Setting Up and Using GraphQL with Laravel

GraphQL is a powerful query language for APIs that provides a more efficient and flexible alternative to REST. By allowing clients to request the data they need, GraphQL can reduce over-fetching and under-fetching of data. This article will guide you through the process of setting up and using GraphQL with Laravel.

What is GraphQL?

GraphQL, developed by Facebook, is a query language for your API, and a runtime for executing those queries by using a type system you define for your data. It provides a complete and understandable description of the data in your API, giving clients the power to ask for exactly what they need and nothing more.

Benefits of GraphQL

  • Efficient Data Fetching: Clients can request only the data they need.
  • Strongly Typed Schema: Ensures data consistency and validation.
  • Single Endpoint: Simplifies API management by using a single endpoint for all queries.
  • Introspection: Clients can query the API to understand the available data and operations.

Setting Up GraphQL in Laravel

To set up GraphQL in a Laravel application, we will use the Lighthouse package, which provides a schema-first approach to developing GraphQL APIs.

Step 1: Install Lighthouse

Install the Lighthouse package via Composer:

composer require nuwave/lighthouse

Step 2: Publish the Configuration

Publish the Lighthouse configuration file and schema file:

php artisan vendor:publish --provider="Nuwave\Lighthouse\LighthouseServiceProvider"

This command will create a `lighthouse.php` configuration file in the `config` directory and a `schema.graphql` file in the `graphql` directory.

Step 3: Define Your Schema

Open the `graphql/schema.graphql` file and define your GraphQL schema. For example:

type Query {

    users: [User!]!

    user(id: ID!): User


type User {

    id: ID!

    name: String!

    email: String!

    posts: [Post!]!


type Post {

    id: ID!

    title: String!

    body: String!

    user: User!


This schema defines a `User` type with an `id`, `name`, `email`, and `posts` fields, and a `Post` type with an `id`, `title`, `body`, and `user` fields. It also defines two queries: `users` to fetch all users and `user` to fetch a user by ID.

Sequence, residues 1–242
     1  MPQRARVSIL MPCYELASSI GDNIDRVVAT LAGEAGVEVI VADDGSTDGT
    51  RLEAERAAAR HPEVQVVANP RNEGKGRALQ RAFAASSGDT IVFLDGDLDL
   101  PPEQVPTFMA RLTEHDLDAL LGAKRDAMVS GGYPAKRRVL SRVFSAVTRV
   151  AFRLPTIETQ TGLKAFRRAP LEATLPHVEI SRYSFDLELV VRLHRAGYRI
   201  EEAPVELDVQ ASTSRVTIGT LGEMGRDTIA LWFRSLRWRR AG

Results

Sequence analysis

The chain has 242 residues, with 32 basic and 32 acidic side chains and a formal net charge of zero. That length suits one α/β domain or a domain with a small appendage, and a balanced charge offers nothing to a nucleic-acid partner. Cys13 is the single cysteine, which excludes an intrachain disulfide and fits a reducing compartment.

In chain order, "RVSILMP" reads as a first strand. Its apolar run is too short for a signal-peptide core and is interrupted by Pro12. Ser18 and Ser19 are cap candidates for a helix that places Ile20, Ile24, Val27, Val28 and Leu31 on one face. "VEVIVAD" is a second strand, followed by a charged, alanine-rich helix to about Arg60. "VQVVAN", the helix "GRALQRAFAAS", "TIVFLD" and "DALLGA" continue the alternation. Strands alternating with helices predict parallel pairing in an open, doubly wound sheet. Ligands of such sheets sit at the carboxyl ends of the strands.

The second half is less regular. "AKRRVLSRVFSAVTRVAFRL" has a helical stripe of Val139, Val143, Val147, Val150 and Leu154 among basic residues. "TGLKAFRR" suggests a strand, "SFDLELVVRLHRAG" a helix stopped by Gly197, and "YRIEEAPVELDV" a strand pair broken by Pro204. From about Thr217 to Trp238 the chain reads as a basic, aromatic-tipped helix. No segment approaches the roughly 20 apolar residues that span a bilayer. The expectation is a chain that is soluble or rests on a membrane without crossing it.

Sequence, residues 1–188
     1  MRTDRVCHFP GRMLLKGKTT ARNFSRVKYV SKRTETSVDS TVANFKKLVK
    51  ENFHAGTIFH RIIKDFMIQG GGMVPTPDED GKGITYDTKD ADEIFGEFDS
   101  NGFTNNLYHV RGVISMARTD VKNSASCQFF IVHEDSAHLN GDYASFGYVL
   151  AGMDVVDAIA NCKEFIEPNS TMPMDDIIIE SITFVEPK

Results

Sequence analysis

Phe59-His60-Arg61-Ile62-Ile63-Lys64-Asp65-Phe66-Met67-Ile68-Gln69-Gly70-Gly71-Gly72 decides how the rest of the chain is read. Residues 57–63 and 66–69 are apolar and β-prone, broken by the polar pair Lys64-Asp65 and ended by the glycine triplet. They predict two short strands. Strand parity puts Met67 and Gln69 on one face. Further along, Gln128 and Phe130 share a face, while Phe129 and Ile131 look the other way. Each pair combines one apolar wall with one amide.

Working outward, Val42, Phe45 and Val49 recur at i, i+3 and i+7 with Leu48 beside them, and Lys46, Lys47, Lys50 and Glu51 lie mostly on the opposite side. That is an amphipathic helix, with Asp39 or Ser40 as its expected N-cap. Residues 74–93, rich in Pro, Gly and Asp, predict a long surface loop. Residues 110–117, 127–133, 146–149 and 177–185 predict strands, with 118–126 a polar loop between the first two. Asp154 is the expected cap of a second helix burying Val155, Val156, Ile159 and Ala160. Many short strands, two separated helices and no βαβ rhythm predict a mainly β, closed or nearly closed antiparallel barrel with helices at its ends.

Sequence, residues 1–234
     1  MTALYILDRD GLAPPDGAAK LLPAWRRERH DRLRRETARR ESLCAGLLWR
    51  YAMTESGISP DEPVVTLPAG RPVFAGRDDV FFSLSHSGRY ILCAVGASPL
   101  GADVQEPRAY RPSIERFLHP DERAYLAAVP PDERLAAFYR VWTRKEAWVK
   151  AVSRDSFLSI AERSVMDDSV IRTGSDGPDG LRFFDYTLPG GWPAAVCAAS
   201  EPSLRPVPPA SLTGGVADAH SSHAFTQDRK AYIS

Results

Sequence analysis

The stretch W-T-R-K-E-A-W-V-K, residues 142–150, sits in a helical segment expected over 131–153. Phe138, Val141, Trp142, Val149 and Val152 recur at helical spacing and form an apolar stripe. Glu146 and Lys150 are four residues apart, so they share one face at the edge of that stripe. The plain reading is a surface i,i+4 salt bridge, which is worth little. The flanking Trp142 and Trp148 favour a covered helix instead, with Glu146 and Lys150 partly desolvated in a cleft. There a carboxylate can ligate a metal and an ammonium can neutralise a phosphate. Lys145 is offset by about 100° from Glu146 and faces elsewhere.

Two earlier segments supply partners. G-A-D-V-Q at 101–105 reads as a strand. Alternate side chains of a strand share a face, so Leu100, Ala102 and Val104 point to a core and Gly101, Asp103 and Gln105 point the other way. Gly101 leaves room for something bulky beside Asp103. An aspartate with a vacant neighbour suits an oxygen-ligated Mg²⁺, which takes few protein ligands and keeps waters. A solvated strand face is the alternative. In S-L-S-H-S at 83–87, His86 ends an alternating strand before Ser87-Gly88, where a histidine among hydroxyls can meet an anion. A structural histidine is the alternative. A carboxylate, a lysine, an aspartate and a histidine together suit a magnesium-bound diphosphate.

Step 4: Create Resolvers

Resolvers are functions that handle GraphQL queries and mutations. Create a resolver for the `User` type:

// app/GraphQL/Resolvers/UserResolver.php

namespace App\GraphQL\Resolvers;

use App\Models\User;

use Nuwave\Lighthouse\Support\Contracts\GraphQLContext;

class UserResolver


    public function users($root, array $args, GraphQLContext $context)


        return User::all();


    public function user($root, array $args, GraphQLContext $context)


        return User::find($args['id']);



Register the resolver in the `graphql/schema.graphql` file:

type Query {

    users: [User!]! @field(resolver: "App\\GraphQL\\Resolvers\\UserResolver@users")

    user(id: ID!): User @field(resolver: "App\\GraphQL\\Resolvers\\UserResolver@user")


Step 5: Setting Up GraphiQL

GraphiQL is an in-browser IDE for exploring GraphQL APIs. Lighthouse comes with a built-in GraphiQL interface. To access it, add the following route in your `routes/web.php` file:

Route::get('/graphiql', function () {

    return view('vendor.lighthouse.graphiql');


Now, you can access the GraphiQL interface at `http://your-app-url/graphiql`.

Step 6: Testing Your GraphQL API

With everything set up, you can now test your GraphQL API using the GraphiQL interface. Open GraphiQL and run the following query to fetch all users:


    users {




        posts {






Advanced GraphQL Usage


To modify data, define mutations in your schema. For example, to create a new user:

type Mutation {

    createUser(name: String!, email: String!): User @field(resolver: "App\\GraphQL\\Resolvers\\UserResolver@createUser")


And add the resolver method:

public function createUser($root, array $args, GraphQLContext $context)


    return User::create($args);



To protect your GraphQL API, you can use Laravel's authentication middleware. Add the middleware to the `graphql.php` configuration file:

'middleware' => [




GraphQL subscriptions allow clients to subscribe to real-time updates. Lighthouse supports subscriptions with Laravel Echo. Configure your subscriptions in the `graphql/schema.graphql` file:

type Subscription {

    userCreated: User


And add the resolver method:

use Nuwave\Lighthouse\Support\Contracts\GraphQLContext;

use Nuwave\Lighthouse\Subscriptions\Contracts\BroadcastsSubscriptions;

class UserResolver implements BroadcastsSubscriptions


    public function userCreated($root, array $args, GraphQLContext $context)


        return User::latest()->first();



Setting up and using GraphQL with Laravel using the Lighthouse package provides a powerful and flexible approach to building APIs. By defining your schema, creating resolvers, and utilizing tools like GraphiQL, you can efficiently manage and query your data. With advanced features like mutations, authentication, and subscriptions, you can build robust and real-time applications that meet modern development standards. Embrace GraphQL to enhance your Laravel application's performance and flexibility.